Edible Sunscreen—Foods That Protect Your Skin From The Harmful Rays of The Sun

July 2014 View more

Health_800wWhile you’re soaking up the sun this summer, why not toss a few foods into your grocery cart that could help protect your skin against the harmful rays of the sun? Think colorful, natural foods. Think antioxidants. Some studies suggest that eating a healthy diet packed with these types of powerful foods can help reduce damage from too much sun exposure.


Dark chocolate is loaded with antioxidants. It contains flavonoids, which can improve skin texture and also offer resistance to UV rays. The higher percentage of cacao (at least 65 percent), the higher amount of antioxidants you’re receiving. Go ahead and nibble on 1½ ounces a day for the best protection.


Not only is watermelon sweet, it’s also rich in lycopene, a carotenoid that has been known to protect skin from UV damage. Watermelons have 40 percent more lycopene than tomatoes, which are still a great choice, since they are loaded with lycopene. That’s what gives tomatoes and watermelon their bright color. Lycopene helps neutralize free radicals that can age you before your time.


Polyphenols found in green tea can reduce inflammation and act as enzyme inhibitors. Hot is best, as the antioxidant power decreases as the tea cools. Not only can green tea help you keep more of your skin’s elasticity, it also improves hydration. A study in The Journal of Nutrition found that green tea polyphenols can help protect against UV induced skin damage. Drinking two to six cups a day provides your body with the best results.


Loaded with Vitamin A, sweet potatoes are also carotenoids, offering protection against skin and eye damage from the sun. They’re also high in Vitamin C, which is helpful for collagen production.


Walnuts, flaxseed, salmon and sardines offer the best sources of Omega 3’s, which are essential fatty acids that reduce inflammation. When your skin is exposed to the dangerous rays of the sun, free radicals are generated. These can damage cells and lead to cancer and premature aging. Omega 3’s can help protect your body against these harmful substances.


Researches say there still needs to be additional studies on the effectiveness of so-called edible sunscreen. “Although there are small studies in humans and animal models that show some evidence that regular consumption of these foods may theoretically reduce sun damage (primarily in theory by reducing free radicals) there is certainly no scientific evidence as of yet that this will have a great impact on decreasing skin cancers in humans to any significant degree,” said Dr. Anthony M. Janiga of Advanced Clinical and Surgical Dermatology in Naperville. “However, the foods are delicious and they don’t appear to increase cellular damage. Therefore, go right ahead and pass me a piece of the dark chocolate please!”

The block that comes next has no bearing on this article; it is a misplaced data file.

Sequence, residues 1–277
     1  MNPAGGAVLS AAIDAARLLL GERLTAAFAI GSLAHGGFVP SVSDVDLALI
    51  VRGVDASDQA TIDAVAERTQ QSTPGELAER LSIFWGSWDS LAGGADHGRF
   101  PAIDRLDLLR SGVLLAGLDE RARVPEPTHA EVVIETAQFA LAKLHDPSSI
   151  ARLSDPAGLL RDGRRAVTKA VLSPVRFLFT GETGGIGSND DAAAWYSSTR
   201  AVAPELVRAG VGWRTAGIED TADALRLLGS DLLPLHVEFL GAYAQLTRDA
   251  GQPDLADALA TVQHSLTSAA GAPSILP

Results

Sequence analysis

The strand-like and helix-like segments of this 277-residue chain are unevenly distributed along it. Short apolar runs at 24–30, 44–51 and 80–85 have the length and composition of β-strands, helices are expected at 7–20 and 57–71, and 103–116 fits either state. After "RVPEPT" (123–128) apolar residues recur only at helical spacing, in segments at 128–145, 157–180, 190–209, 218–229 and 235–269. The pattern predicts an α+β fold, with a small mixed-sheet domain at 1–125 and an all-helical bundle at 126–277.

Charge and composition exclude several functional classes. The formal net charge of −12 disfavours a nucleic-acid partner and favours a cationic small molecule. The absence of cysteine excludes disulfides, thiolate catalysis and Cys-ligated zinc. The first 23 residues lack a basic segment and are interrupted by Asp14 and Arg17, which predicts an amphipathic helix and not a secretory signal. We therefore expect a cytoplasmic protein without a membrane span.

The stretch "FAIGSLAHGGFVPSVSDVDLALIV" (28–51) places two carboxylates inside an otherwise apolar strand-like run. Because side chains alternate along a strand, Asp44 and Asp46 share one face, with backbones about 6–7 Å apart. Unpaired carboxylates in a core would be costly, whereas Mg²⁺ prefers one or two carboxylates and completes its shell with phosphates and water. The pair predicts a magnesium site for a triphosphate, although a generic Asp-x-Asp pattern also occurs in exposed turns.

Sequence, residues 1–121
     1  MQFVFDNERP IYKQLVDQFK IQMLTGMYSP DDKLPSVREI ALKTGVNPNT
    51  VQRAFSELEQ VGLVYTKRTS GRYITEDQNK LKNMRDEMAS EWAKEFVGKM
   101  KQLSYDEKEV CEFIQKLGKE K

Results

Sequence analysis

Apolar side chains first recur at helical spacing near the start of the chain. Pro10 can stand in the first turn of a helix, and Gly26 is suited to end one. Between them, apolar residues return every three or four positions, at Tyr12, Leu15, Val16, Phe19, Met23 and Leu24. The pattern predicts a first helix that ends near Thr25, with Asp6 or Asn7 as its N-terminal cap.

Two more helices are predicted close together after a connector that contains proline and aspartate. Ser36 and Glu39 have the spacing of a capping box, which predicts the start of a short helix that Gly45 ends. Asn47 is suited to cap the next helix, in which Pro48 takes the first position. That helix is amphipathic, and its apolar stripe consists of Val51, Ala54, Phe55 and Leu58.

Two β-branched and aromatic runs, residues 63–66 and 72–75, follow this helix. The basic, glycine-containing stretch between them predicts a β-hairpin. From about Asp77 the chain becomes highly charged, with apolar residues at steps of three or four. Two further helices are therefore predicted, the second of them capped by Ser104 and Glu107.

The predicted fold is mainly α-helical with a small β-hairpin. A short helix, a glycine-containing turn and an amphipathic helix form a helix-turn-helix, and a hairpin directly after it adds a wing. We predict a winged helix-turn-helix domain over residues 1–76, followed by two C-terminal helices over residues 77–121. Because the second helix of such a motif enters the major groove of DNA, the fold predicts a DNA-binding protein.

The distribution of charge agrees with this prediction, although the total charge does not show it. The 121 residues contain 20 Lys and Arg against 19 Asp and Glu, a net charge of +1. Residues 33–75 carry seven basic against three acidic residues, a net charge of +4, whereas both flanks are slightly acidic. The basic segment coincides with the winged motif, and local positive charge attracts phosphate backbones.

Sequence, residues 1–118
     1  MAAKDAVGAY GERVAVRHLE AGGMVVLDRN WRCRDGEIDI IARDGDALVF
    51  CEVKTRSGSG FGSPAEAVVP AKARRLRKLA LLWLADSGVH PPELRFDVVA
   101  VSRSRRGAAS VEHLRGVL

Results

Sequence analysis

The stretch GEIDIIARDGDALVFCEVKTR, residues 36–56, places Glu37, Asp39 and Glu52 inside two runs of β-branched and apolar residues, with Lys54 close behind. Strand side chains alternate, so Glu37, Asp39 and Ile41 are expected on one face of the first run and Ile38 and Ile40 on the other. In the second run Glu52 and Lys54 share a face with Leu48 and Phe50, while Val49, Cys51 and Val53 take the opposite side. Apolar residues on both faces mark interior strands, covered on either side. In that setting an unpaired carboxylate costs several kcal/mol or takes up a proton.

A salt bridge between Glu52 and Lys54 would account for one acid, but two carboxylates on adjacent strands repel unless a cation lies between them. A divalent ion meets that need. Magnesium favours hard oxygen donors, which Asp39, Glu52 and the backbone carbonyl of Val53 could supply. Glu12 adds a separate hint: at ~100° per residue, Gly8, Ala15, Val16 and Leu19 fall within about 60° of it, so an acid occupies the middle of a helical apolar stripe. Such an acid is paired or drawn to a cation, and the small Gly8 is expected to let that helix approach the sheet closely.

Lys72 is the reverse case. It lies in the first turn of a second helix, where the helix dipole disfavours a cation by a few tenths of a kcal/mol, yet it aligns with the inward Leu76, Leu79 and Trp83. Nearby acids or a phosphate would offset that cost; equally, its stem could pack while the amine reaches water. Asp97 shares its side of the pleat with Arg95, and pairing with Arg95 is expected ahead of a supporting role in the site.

However, diet alone won’t protect you from harmful UV rays. Sunscreen is a must. “Approximately 80 percent of the changes we see on our skin and attribute to aging, such as fine lines, wrinkles, age spots, and unwanted small blood vessels are really attributable to Ultraviolet Radiation, not necessarily the aging process itself,” said Janiga. “If sunscreens are used regularly and properly, they can be the ultimate preventative measure to slow down this aging process since the currently recommended SPF of 30 blocks at least 95 percent of these damaging sun rays.” Dr. Janiga also says sunscreens help prevent two of the most common forms of skin cancer, Basal Cell Carcinoma and Squamous Cell Carcinoma. “Prudent sun exposure, wearing protective hats and clothing, and taking advantage of shaded areas need to be part of our ‘Safe Sun’ techniques,” said Dr. Janiga.